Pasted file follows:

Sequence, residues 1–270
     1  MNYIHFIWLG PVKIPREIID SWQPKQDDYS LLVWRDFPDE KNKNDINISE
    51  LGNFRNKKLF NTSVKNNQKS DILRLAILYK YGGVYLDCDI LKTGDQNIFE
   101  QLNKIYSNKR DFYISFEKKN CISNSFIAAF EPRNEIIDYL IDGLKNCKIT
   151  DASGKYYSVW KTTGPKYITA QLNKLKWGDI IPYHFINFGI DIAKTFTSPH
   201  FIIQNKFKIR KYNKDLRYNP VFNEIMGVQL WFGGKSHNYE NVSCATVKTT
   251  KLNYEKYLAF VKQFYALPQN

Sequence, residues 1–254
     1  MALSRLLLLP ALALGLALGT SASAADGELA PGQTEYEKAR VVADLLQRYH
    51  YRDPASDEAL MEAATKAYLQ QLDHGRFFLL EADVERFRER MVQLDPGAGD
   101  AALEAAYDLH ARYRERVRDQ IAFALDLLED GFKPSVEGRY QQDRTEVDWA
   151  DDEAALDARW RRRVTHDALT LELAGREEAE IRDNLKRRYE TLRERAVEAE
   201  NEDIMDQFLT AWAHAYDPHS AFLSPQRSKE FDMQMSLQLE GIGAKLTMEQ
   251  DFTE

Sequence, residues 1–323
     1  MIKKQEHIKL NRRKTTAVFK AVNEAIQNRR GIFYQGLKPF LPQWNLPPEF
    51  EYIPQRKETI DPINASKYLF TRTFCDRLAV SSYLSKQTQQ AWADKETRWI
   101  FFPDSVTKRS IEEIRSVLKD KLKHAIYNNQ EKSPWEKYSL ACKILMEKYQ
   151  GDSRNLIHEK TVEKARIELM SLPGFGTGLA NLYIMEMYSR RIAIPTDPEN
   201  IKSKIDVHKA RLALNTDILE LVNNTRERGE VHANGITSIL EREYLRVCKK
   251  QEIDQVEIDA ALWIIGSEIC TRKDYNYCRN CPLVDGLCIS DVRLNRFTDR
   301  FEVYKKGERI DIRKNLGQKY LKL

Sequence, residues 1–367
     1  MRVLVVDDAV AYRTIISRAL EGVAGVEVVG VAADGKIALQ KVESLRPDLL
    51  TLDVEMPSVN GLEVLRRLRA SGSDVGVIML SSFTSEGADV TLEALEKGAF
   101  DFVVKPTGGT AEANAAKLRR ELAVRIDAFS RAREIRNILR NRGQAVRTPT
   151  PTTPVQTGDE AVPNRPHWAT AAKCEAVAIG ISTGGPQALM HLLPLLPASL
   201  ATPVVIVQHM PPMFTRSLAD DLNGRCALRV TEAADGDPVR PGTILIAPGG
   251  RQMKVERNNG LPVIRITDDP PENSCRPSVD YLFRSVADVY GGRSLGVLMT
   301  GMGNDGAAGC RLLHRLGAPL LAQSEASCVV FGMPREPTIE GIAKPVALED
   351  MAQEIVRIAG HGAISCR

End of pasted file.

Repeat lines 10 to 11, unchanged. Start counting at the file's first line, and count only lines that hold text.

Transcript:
    51  YRDPASDEAL MEAATKAYLQ QLDHGRFFLL EADVERFRER MVQLDPGAGD
   101  AALEAAYDLH ARYRERVRDQ IAFALDLLED GFKPSVEGRY QQDRTEVDWA